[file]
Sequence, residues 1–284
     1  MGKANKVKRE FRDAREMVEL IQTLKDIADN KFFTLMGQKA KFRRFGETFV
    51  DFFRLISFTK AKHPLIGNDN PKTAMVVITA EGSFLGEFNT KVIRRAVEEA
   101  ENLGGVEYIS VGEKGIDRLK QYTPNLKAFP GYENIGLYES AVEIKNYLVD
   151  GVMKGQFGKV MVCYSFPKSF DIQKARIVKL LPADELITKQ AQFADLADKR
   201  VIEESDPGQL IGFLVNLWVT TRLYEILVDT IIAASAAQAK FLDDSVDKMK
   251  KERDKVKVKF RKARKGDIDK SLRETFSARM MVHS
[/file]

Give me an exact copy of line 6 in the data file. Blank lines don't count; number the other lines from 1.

   201  VIEESDPGQL IGFLVNLWVT TRLYEILVDT IIAASAAQAK FLDDSVDKMK